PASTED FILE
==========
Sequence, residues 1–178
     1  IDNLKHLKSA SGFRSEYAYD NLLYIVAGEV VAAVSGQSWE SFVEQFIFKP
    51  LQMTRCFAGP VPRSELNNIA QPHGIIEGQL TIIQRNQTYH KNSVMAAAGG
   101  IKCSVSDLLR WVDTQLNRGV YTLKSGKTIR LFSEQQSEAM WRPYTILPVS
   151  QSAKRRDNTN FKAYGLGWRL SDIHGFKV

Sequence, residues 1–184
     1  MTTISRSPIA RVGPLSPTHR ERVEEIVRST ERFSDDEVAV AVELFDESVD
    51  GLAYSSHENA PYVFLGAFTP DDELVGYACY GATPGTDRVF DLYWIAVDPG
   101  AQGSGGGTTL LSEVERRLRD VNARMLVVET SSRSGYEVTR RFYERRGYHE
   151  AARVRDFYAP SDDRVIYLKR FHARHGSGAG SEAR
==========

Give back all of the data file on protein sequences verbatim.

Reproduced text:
Sequence, residues 1–178
     1  IDNLKHLKSA SGFRSEYAYD NLLYIVAGEV VAAVSGQSWE SFVEQFIFKP
    51  LQMTRCFAGP VPRSELNNIA QPHGIIEGQL TIIQRNQTYH KNSVMAAAGG
   101  IKCSVSDLLR WVDTQLNRGV YTLKSGKTIR LFSEQQSEAM WRPYTILPVS
   151  QSAKRRDNTN FKAYGLGWRL SDIHGFKV

Sequence, residues 1–184
     1  MTTISRSPIA RVGPLSPTHR ERVEEIVRST ERFSDDEVAV AVELFDESVD
    51  GLAYSSHENA PYVFLGAFTP DDELVGYACY GATPGTDRVF DLYWIAVDPG
   101  AQGSGGGTTL LSEVERRLRD VNARMLVVET SSRSGYEVTR RFYERRGYHE
   151  AARVRDFYAP SDDRVIYLKR FHARHGSGAG SEAR